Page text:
Then I unwrapped, peeled, and chopped them:

Roasty-Toasty

And grated the zest from two grapefruits and two tangerines:

Still Life with Citrus

I added the zest to a bowl and whisked together 3 tablespoons balsamic vinegar, 2 teaspoons Dijon mustard, 1 teaspoon honey, and 1/3 cup olive oil.

Then I segmented and tossed the fruit in a bowl and added a generous bunch of baby spinach. I chopped the beets, crumbled some feta, and drizzled the dressing over the lot. The result?

Ta-da!

Sunshine on my plate!


Stormy Weather Spice Rack – Part Two

It’s a shame that fast food in Corner Brook typically means a stop at McDonald’s or KFC. Thanks to globalization, you’ll likely find these joints in India, but you’ll also find Dhaba’s — roadside stands that sell economical (and equally tasty) curry dishes.

It’s also a shame that Corner Brook has no Indian restaurants — especially on cold, wintery days when you long to be lured out of the grey, mucky streets, and into a saffron-and-cinnamon colored dining room, and tuck into a comforting curry or  succulent Shahi Paneer.

Indian Spices at Chez Moi

One can, however, create Indian colors and cuisine in the comfort of one’s own home. And, (almost) as fast as you can say Colonel-Sanders’, you can have a lovely Dhaba chicken curry — one of many types of curries you’ll find in India’s Punjabi region.

 

What’s more, this recipe uses many of the spices as the Stormy Weather Chai, which can make India seem like it’s just down the way, and that your kitchen is the new Taj Mahal.

The palette of spices in this recipe will cheer you instantly.

Begin with:

1 tablespoon ground coriander

1/2 teaspoon ground cumin

1/2 teaspoon cayenne pepper

1/4 teaspoon cinnamon

A Pinch of ground cloves

Pinch of ground cardamom

2 teaspoons turmeric (add more if you like an intense curry flavor, add only 1/4 teaspoon if you’re feeling cautious)

Heat a couple of tablespoons of vegetable oil in a dutch oven or deep skillet. Add the spices and cook until they fill your kitchen with a lovely fragrance (about 1 minute or so).

Next, add two large or three medium, diced onions, 2 cloves of garlic (also diced), and some chopped, fresh ginger (select a root that is about 1/2 an inch to 1 inch long).

Use two large onions, or three medium-sized onions

Add Diced Onions, Garlic, and Ginger -- Simmer for 5 Minutes

Cook the onion/spice mixture for about 6 minutes over medium heat. You want the onions to be brown, but not caramelized at this point. Add about one cup of tomato sauce and stir to incorporate. Once the tomato sauce is heated through, taste and correct the seasoning to your liking.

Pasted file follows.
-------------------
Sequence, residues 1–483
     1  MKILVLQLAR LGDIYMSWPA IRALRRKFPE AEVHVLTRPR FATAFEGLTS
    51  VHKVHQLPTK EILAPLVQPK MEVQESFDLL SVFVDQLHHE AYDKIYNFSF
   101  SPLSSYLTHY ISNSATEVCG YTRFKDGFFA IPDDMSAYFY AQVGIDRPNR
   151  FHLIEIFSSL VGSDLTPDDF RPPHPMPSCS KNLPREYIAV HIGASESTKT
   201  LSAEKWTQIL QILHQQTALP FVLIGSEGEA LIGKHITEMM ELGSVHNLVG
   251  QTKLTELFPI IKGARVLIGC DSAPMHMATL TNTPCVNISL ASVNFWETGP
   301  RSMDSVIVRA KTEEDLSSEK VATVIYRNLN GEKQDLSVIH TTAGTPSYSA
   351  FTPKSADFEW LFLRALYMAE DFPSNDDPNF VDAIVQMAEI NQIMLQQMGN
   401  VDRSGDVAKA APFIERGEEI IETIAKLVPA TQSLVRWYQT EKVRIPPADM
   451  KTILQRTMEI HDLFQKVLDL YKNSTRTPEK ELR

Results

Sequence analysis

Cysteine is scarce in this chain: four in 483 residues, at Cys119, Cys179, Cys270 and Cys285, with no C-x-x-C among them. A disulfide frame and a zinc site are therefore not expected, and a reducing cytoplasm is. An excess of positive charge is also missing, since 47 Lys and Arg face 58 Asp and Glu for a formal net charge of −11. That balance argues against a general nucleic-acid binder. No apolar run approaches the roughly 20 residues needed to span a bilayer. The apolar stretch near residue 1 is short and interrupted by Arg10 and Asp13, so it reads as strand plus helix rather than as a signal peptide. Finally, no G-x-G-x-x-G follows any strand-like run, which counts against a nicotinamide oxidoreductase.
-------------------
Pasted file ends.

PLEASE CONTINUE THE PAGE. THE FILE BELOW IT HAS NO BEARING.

Stir in four boneless, skinless, chopped chicken breasts until they’re nicely coated, then add a cup of water, cover and bring to a boil. Return the mix to a simmer and let it stew for 10 minutes, or until the chicken is cooked through.

Dhaba curry, served over Basmati rice

Top the curry with a dash of Garam Masala, and serve over Basmati rice  or serve with naan or pita. (You can find both Garam Masala and Basmati rice –not to mention all the other spices in this recipe — at More for Less in Corner Brook.)

And, just like that, you’ve created your own affordable, aromatic, Indian fast food.


Stormy Weather Spice Rack – Part One

One key to eating and living well in Corner Brook is to keep a well stocked spice rack. You never know when you’ll wake up to this:

Frosty Prospect

Saturday’s endless ice and rain, howling winds and blowing snow was enough for a self-declared snow-day — the perfect excuse to channel warmer climates indoors. The morning began by opening a bag of recently selected spices from Corner Brook’s delightful bulk store/café, More for Less:

 

More Spice -- Less Freezing

Together, ginger, cinnamon, black and white pepper, cloves, and cardamom pods will lift your spirits instantly, transporting you from the doldrums of winter to the spice markets of India.

And when you add these lovely charms…

 

Star Anise - the spice rack's beauty queen

…and 6 cups of water…

 

Spices + Water = Magic

…you’re well on your way to a magical Chai Latte.

Boil the spices for 10 minutes (if you haven’t died and gone to heaven from the tea’s sensational aroma), then add 6 bags of high-quality black (Darjeeling) tea…

 

Almost Tea-Time

…and let the tea steep for 5 minutes. Discard the tea bags and add a 1/2 cup of honey or cane sugar. Stir, taste, and correct the spices according to your own preference, then simmer the brew for 5 minutes.

While the tea is hot, strain and fill half a mug with the tea. Top the mug with warm milk or soy, and presto:

Fresh Chai-Latte

Your own delicious cup of Chai (and none of the risks of stepping outside to the coffee shop — or to India).

What’s even better?

Canned India

The tea (along with its spices, but not the milk) stores well in the fridge for about a week. So, if the week’s forecast is (as is common in Corner Brook) uncertain, you have no excuse not to live well indoors. At least until the sun comes out again.